> In fact, I wonder if it’s even possible to get all three of readability, hackability and abstraction.
I'm not sure this is the right way to say it, because abstraction is a means to an end, not an end in itself, right? Unlike the other two that are ends in themselves. Usually abstraction is intended to be a means to flexiblility/maintainability (is that what OP means by 'hackability'?), but sometimes counter-productive, as the OP explains.
I think there is a definite tension between flexibility and simplicity, inherent to software engineering. And that the tension is generally expressed via fighting with abstraction -- the right or wrong abstraction, over-engineering (too much abstraction), inflexibility (not enough abstraction), etc.
I think the better you understand your business domain, the better you can do at managing the tension. I think it's not a good thing that these days it seems to be assumed that there's no need for domain knowledge, a good programmer is a good programmer and can do well in any domain.
U+M = a short script is easy to understand and can be quickly modified in small ways to test things or meet new requirements, but lack of reusable abstractions makes big or numerous changes harder and more time consuming
U+R = a longer program that uses an abstraction (classes, functions, modules, etc) is understandable and has many reusable components, but accounting for changes requires adding new components. This means the code isn't very malleable because you have to write all the interactions and containers and other stuff that lets new code connect and work in the abstraction.
R+M = finally, a fully abstract and malleable system, full of components and connectors and design patterns and such, can be readily adapted to changing requirements because it has high abstraction yet is factored deeply enough to allow small changes without lots of code. However, making changes requires understanding the entire system, damaging readability/understanding.
I don't think the problem is hopeless though. Usually when I see this, it's either because the problem domain is just that complicated, or because the system is actually too flexible for the scope of the problem. Sometimes a different abstraction can clear things up, because the old system was using too much of a poor abstraction to make it work.
In this instance, the last paragraph contains the real problem and hints towards a solution:
> If I’m trying to run five different deploy recipes across four different hardware/OS configurations, that’s 20 different potential interactions to take care of.
I forgot the name of the problem now, but Peyton-Jones talks about this with regards to how OOP and FP tend to hit opposite sides of these problems. OOP makes it easy to add new objects but hard to add methods because you have to add it to every object. FP makes it easy to add pattern-matching functions, but hard to add new objects because each function has to account for the new objects.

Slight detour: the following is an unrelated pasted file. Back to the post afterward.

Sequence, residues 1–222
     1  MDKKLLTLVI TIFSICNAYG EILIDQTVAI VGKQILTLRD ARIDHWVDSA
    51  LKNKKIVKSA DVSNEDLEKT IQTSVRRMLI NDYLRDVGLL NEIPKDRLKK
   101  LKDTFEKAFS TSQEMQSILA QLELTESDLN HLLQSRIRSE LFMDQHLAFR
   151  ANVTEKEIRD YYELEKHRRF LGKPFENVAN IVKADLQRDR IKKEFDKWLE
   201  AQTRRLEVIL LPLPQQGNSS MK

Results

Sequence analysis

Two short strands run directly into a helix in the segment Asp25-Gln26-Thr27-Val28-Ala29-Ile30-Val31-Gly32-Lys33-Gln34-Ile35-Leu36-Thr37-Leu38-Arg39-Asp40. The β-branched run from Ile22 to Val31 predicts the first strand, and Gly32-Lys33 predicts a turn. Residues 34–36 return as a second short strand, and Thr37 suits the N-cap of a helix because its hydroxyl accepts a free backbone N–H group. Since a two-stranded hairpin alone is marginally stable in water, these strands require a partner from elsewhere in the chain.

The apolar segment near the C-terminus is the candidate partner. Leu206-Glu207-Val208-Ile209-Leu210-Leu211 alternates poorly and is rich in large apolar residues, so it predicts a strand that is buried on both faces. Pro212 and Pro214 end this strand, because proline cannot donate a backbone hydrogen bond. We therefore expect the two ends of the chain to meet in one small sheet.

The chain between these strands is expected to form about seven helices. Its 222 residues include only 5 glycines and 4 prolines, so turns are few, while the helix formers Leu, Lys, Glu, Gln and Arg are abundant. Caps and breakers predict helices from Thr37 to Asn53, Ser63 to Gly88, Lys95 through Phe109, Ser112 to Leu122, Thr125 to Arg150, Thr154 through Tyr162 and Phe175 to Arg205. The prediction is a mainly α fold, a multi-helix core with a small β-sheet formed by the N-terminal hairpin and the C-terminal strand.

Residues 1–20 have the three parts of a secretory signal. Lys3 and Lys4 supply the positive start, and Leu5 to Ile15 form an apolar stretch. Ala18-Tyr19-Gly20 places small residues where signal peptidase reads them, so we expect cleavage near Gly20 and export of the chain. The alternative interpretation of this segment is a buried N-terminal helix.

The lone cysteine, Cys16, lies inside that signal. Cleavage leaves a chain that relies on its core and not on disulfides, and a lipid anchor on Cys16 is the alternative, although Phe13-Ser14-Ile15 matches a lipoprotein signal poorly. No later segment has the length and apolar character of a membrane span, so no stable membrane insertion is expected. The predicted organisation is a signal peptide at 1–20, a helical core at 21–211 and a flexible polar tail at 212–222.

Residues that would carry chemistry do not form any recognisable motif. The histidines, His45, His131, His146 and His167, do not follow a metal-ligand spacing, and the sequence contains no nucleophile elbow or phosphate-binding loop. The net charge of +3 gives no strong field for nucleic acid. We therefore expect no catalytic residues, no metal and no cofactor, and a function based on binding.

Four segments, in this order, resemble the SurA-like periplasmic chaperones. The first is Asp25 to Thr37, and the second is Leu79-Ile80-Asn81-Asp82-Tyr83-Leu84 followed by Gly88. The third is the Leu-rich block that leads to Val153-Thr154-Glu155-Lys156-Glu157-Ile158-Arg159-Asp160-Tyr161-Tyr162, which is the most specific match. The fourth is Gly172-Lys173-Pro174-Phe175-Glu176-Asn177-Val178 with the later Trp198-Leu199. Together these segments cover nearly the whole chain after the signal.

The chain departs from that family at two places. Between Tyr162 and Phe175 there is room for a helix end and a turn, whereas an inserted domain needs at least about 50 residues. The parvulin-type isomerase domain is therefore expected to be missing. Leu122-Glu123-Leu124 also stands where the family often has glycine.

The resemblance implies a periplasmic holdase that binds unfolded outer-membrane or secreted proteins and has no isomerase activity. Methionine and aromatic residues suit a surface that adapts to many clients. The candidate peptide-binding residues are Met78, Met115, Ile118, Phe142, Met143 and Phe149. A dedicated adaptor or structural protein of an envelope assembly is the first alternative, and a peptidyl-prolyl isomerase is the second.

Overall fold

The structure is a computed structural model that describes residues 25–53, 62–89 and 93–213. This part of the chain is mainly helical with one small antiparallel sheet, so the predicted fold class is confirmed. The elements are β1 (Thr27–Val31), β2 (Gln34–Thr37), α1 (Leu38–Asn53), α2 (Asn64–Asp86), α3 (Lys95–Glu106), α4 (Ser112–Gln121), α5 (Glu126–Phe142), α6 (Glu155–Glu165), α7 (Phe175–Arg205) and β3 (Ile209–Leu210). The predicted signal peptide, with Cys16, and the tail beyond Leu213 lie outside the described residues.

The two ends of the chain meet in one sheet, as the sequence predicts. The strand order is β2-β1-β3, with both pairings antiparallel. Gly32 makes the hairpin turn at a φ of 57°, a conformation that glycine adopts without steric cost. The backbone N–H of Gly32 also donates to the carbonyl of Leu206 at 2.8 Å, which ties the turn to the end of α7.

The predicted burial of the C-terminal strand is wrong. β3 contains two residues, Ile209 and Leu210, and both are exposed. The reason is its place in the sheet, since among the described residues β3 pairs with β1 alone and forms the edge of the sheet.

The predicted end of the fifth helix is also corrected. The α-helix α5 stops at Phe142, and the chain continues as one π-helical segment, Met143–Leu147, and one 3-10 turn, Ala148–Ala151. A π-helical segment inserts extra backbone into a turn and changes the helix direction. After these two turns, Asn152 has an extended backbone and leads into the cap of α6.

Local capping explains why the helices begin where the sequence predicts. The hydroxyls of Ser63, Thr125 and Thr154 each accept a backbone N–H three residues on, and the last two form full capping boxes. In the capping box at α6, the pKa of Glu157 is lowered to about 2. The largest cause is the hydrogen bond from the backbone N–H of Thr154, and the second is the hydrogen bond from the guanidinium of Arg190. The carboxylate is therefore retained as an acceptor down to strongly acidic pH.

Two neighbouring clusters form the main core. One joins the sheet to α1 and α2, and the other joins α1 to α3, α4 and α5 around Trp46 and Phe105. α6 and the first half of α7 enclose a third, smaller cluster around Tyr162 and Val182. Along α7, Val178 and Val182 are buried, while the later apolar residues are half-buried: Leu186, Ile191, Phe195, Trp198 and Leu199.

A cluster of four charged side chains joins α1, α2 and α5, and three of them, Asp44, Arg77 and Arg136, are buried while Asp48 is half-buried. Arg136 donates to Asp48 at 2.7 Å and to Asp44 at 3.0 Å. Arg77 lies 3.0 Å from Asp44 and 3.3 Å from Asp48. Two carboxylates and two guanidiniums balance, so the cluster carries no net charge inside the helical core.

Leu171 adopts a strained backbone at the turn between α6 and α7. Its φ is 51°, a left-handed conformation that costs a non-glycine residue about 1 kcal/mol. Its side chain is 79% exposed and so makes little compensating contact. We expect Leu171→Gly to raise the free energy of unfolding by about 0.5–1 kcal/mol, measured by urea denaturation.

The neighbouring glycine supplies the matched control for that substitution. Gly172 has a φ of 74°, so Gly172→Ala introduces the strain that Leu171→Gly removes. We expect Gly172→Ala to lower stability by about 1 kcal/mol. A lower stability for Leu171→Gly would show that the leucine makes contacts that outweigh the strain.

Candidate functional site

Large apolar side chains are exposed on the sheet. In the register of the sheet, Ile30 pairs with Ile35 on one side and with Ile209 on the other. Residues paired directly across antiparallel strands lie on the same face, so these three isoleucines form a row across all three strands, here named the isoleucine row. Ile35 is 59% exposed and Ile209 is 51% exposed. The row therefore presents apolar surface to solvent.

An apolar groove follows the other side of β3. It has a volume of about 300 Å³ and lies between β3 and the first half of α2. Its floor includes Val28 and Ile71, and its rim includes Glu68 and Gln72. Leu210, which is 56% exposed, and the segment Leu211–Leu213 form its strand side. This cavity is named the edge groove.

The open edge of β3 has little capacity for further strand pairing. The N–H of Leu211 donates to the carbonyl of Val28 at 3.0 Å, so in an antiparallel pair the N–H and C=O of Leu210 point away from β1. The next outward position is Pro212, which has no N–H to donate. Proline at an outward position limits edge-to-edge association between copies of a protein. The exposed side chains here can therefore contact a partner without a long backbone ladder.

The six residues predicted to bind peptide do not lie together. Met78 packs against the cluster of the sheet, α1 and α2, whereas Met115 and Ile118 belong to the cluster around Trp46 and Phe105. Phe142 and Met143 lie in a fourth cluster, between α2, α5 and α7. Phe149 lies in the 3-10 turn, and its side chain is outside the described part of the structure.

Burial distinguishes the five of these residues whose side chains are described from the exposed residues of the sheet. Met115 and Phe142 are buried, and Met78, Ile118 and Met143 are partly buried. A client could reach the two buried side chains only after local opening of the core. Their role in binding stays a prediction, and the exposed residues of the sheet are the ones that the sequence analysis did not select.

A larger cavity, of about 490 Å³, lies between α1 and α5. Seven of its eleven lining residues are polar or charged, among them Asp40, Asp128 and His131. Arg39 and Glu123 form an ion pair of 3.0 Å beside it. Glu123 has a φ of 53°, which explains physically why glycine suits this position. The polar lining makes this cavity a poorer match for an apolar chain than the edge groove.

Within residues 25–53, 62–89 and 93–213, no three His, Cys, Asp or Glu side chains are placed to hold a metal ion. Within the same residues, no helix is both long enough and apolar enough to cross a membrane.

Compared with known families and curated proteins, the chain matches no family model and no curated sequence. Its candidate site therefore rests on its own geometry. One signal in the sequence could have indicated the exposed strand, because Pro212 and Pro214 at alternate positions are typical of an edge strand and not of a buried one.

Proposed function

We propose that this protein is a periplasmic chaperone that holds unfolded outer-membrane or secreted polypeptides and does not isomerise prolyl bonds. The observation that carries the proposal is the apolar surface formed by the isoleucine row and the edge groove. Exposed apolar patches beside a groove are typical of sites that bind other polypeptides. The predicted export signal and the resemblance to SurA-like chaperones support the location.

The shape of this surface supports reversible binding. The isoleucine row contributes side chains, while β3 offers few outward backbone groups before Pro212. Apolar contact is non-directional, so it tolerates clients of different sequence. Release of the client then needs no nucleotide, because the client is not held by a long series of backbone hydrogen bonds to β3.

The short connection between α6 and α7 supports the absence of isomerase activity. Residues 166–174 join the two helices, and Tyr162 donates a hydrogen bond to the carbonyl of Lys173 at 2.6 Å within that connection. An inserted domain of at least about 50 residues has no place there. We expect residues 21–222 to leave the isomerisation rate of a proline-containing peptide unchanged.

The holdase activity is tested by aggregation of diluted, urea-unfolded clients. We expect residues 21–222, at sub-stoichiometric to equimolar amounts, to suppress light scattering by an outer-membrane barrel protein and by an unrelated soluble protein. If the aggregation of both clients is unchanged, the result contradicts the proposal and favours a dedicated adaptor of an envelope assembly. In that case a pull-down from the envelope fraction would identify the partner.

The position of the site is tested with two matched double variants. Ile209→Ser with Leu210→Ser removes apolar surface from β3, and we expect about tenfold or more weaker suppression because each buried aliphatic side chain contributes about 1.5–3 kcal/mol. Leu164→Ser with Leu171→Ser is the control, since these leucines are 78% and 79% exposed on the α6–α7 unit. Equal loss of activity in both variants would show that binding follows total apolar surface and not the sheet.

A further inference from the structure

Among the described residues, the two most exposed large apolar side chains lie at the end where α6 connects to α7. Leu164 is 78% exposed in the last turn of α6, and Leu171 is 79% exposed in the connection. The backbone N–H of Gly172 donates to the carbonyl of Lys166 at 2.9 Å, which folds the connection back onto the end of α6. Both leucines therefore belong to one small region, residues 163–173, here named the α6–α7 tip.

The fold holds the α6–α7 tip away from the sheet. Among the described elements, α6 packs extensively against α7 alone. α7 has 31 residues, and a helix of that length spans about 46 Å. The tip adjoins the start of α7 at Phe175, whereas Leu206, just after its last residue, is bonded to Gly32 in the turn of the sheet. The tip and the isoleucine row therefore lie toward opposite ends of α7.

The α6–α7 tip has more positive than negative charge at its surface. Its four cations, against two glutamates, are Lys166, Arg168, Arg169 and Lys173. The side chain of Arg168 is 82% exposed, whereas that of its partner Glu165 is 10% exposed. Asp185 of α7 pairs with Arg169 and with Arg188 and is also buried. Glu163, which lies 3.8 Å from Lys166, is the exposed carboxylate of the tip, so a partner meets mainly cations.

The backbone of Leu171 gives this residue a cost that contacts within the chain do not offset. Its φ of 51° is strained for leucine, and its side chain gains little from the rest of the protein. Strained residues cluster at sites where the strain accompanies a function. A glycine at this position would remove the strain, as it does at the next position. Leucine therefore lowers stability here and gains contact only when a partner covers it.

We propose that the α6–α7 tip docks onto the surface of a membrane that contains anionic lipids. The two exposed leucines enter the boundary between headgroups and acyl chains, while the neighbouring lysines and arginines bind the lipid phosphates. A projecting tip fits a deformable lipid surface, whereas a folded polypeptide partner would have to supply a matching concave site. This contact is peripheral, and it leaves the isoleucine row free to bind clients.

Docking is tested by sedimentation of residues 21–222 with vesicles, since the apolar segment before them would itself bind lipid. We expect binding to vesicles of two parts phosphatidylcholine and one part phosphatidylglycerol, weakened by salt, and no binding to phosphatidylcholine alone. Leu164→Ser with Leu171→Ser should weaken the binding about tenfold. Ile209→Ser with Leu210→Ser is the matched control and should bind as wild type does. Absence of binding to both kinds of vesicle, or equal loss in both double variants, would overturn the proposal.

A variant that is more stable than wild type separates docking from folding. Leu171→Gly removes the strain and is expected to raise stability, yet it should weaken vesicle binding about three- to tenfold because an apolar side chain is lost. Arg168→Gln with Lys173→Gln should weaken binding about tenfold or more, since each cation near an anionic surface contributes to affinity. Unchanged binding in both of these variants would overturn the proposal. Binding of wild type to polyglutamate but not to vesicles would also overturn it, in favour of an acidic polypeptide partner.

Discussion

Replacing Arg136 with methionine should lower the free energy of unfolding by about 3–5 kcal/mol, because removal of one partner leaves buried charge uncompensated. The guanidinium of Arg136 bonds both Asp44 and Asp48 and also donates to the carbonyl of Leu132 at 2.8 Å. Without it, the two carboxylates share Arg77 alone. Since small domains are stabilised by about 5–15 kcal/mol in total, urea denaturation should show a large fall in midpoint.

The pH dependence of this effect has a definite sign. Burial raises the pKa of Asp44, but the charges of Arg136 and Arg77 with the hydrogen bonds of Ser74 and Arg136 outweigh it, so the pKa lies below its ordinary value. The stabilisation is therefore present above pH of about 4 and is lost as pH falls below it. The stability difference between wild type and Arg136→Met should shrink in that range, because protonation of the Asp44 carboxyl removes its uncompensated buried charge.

Something like multiple dispatch is the usual solution: one function for each combination of things, with shared functions factored out as needed. The OOP version, the visitor pattern, falls afoul of being hard to understand, imho.
> I don't think the problem is hopeless though. Usually when I see this, it's either because the problem domain is just that complicated, or because the system is actually too flexible for the scope of the problem.
I don't think it's _hopeless_, but I do think it is one of the intrinsic challenges in software engineering. That I think deserves more attention, including in training.
I think you are absolutely right about one of the main pitfalls being when "the system is actually too flexible for the scope of the problem" -- the trick is understanding the true scope of the problem, and how much flexibility is really required -- and it's not usually really a "how much" question, but a question of flexible _where_ and _how_.
In open source software, it sometimes can mean saying "No, we can't make this flexible to your desires exactly, because those desires are outside of our principle goals, and we haven't yet figured out how to accommodate them without ruining understandability."
Although sometimes you can find a clever way to introduce the right hook point to support that flexibility without turning your software into an over-engineered monstrosity... sometimes you can't. Which is about the problem domain, about your understanding of the problem domain, and about your craftsmanship.
Another paradox or irony or tension is that 'design patterns' are intended as discovered templates for flexibility with simplicity, but 'design patterns' applied willy-nilly, cargo-cult, carelessly, without sufficient grasp of the true problem domain, or to excess -- result in lost understandability, and sometimes lost reusability and malleability too!
Many of us have a natural inclination to maximize flexibility always as an unalloyed good, instead of dealing with the inherent tension as constraint to catalyze good design.
It is called "elegance", and it's not a pattern. It's the result of years of experience, of time and attention paid to grok formal systems and their interactions with reality.
One could hence argue for strong types. If I got €1 for each time I see careless typing breaking people's Python and Ruby scripts I could retire rich right now.
This is precisely the problem DCI solves. It puts system level behavior (collaboration between objects) into contexts, so that the code path is readable within a single method, rather than spread out across the network of objects.
You get to keep the abstraction and malleability of your objects, while still being readable. If you're not familiar with it, this is a great talk: